Probably everyone, even not being directly interested in aviation and aerospace, has heard about the National Aeronautics and Space Administration – NASA. Nevertheless, to tell the story that led to creation of this world’s most renowned space agency it is essential to start with its predecessor, the National Advisory Committee for Aeronautics – NACA.
The main objective of that organisation, established on 3rd March 1915, was development and popularization of aviation by conducting aeronautical research, its promotion and institutionalization. Due to the ongoing First World War, NACA also acted as an additional measure to promote industrial, academic and governmental coordination on war-related projects.
In the early 1920s, NACA has adopted a new mission to promote civil and military aviation by conducting research beyond the actual needs. In the last years before the outbreak of World War II, the committee developed several projects that played a key role during the aforementioned conflict. It was no different during the war, as NACA was primarily involved in military effort by development of turbochargers for engines used for B-17 Flying Fortress bombers and had significant contribution to development of P-51 Mustang fighter.
Following the end of the war, NACA continued, among other things, to work on jet-powered aircraft, with Bell X-1 supersonic aeroplane project being the most recognizable one.
Acquisition of German rocket scientists by both the US and the USSR, in the aftermath of the Second World War, soon led to technological rivalry on the field of space exploration between the mentioned superpowers. It began in the early 1950s with the onset of the Cold War and was commonly called ‘space race’. And it was just NACA, that was entrusted the American activities to win that competition.
On 1st October 1957, the Soviet Union launched into space the first Earth artificial satellite – ‘Sputnik 1’. It meant that the United States lost the initial stage of the ‘space race’ and therefore, a reorganisation of NACA was necessary.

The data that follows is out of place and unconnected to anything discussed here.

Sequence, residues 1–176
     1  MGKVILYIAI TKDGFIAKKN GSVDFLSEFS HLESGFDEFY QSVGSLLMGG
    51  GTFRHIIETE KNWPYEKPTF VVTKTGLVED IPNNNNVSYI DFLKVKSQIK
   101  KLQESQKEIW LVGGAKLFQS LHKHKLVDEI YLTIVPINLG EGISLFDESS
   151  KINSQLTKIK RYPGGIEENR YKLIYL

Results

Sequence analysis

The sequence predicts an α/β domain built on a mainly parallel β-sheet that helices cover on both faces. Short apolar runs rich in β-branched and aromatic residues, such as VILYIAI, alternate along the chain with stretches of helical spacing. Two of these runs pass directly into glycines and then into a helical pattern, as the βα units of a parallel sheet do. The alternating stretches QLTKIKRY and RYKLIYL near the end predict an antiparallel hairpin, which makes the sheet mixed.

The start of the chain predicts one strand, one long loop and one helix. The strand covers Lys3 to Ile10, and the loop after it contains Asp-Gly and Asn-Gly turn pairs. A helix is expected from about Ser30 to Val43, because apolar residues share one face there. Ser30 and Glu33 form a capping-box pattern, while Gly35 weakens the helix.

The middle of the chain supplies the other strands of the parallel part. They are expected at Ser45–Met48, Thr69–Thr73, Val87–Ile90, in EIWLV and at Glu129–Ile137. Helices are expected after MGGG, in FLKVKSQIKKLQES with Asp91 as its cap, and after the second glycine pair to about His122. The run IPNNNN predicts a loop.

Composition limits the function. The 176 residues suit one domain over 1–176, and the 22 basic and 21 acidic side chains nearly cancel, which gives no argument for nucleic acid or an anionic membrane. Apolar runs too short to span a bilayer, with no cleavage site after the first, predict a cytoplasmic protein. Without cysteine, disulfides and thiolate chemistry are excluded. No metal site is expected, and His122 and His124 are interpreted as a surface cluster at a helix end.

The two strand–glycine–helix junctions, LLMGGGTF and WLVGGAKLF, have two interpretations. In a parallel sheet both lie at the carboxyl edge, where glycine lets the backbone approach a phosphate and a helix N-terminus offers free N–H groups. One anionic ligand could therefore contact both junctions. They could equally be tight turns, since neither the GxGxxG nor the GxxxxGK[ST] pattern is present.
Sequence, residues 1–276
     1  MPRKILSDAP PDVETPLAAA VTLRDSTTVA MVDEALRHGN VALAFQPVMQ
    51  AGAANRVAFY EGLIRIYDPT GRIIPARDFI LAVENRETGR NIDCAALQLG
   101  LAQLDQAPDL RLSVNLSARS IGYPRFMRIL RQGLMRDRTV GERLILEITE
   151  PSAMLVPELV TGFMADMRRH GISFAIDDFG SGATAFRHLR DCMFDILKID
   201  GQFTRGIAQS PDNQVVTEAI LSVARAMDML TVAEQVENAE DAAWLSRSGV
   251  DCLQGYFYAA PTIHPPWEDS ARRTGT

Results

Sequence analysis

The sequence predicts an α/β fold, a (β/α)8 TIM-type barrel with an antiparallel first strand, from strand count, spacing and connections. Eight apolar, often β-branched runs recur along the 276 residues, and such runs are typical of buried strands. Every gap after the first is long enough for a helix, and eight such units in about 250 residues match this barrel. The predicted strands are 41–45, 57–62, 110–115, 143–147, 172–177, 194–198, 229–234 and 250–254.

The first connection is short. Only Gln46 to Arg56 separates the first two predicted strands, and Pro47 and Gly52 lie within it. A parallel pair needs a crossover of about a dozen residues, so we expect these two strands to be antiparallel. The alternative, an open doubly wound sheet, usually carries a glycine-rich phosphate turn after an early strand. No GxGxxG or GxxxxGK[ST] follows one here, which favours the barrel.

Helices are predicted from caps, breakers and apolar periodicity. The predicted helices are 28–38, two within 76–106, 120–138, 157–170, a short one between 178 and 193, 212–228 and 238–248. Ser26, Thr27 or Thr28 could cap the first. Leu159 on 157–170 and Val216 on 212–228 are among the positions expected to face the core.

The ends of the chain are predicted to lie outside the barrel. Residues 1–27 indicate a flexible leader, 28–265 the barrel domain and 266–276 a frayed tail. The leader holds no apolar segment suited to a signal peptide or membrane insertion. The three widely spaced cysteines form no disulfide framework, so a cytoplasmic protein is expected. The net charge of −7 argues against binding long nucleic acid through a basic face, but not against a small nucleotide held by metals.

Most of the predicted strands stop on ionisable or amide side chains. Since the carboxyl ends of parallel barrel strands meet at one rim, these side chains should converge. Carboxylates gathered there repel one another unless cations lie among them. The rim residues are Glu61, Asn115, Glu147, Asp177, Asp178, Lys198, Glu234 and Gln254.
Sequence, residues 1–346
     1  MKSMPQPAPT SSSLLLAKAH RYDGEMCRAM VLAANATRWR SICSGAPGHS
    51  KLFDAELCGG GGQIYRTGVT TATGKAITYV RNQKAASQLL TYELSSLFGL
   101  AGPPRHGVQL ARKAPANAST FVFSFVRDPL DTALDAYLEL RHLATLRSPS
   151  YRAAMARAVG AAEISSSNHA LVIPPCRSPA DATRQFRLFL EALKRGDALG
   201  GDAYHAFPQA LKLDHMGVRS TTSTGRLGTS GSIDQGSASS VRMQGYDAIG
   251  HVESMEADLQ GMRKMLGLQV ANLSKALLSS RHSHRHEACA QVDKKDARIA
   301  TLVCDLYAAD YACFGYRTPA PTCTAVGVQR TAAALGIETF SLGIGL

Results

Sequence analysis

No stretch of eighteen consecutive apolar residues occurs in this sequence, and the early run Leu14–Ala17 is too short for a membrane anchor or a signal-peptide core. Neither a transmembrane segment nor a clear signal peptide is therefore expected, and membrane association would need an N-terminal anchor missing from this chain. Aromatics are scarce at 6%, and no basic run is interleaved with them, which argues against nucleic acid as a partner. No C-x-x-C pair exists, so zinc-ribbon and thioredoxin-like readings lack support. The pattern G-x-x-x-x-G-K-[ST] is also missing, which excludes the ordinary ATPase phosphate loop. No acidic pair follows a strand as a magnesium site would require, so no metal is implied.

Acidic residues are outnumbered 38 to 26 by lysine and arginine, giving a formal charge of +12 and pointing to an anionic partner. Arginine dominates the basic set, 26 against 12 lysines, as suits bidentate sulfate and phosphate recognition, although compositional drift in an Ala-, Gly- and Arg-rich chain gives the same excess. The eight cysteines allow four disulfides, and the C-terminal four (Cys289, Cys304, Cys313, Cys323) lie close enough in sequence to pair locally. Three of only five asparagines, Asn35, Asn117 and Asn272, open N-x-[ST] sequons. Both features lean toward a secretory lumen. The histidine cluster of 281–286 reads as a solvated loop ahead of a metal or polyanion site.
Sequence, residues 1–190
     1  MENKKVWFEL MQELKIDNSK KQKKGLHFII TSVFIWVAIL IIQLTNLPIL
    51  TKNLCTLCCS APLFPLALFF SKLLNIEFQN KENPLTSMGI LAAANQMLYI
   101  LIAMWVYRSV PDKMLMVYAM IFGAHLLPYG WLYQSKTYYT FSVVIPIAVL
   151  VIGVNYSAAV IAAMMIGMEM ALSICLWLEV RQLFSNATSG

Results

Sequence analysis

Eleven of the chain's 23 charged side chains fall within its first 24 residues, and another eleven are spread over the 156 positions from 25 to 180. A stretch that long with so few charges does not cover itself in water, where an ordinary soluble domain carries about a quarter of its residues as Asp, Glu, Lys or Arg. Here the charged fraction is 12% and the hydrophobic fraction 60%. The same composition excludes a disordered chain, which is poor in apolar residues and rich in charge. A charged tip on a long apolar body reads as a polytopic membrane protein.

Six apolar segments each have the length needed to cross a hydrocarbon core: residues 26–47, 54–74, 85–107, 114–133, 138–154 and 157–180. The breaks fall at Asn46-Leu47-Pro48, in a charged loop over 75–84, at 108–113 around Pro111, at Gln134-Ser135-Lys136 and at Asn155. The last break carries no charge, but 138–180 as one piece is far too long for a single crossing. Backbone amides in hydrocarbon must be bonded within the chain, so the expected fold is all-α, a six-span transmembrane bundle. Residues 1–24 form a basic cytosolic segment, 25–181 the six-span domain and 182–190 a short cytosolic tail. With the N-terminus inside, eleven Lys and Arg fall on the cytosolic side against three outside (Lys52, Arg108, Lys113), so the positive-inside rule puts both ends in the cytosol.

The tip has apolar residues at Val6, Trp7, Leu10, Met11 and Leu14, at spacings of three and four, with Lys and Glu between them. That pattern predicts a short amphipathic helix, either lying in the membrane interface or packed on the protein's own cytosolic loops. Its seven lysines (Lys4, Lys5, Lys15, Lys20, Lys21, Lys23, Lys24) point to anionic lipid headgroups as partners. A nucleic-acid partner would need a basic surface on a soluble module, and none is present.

For this purpose, the Special Committee on Space Technology was founded, already on 21st November 1957. It was focused on coordinating cooperation between American government, private companies and other entities, with a goal of creating a common space programme. Only two months later, on 14th January 1958, the National Research Program for Space Technology was launched.
On 29th July 1958, as a direct consequence of the abovementioned activities, the then President of the United States, Dwight D. Eisenhower signed the National Aeronautics and Space Act that created a new entity, to be focused on space exploration – the National Aeronautics and Space Administration, commonly known as just NASA.
The new body officially began its operations on 1st October 1958, not only continuing legacy of NACA, but also taking over all of its tasks and responsibilities, budget, staff and research facilities. Additionally, the NASA incorporated two military entities – the United States Naval Research Laboratory and the Army Ballistic Missile Agency. The latter was exactly the one where Wernher von Braun, former head of the Nazi German rocket programme, worked at the time. Moreover, in December of 1958, NASA took over supervision of the Jet Propulsion Laboratory, operated by the California Institute of Technology.
Soon, the National Aeronautics and Space Administration became the key institution responsible for America’s foundational human spaceflight programmes, including the most important one – the Apollo Program, that was carried out between 1960 and 1972. The programme, that successfully led to landing of the first men on the Moon.
Among other accomplishments of NASA, reference should also be made to the joint Apollo-Soyuz programme (1972-1975), which saw the symbolic merger of the American Apollo and the Soviet ‘Soyuz’ capsules in Earth orbit; and to the Space Shuttle programme (1972 – 2011). It was thanks to the American shuttles and the Shuttle – Mir programme that the two countries were finally reconciled in their space rivalry, which culminated in cooperation within ‘Mir’ space station.
Also, not to be missed, is the International Space Station, being an effect of cooperation between NASA and other national space agencies, that is orbiting above our heads for almost 23 years.
Currently, the goal of NASA in terms of manned spaceflights is to return humans to the Moon, as well as the first crewed flight to Mars.
However, activities of NASA are not only limited to manned space flights. They include dozens of unmanned missions to explore our solar system and to gain a better knowledge and understanding of the universe. Although it is hard to mention all of them, the Mars 2020 mission must be highlighted here, with Perseverance rover and the first-ever Mars helicopter, Ingenuity, exploring the Red Planet for little over eight months now.
All photos © NASA Image and Video Library, cover photo: Space Shuttle Discovery mounted atop a NASA 747 Shuttle Carrier, 2012 (NASA, LRC-2013-00155)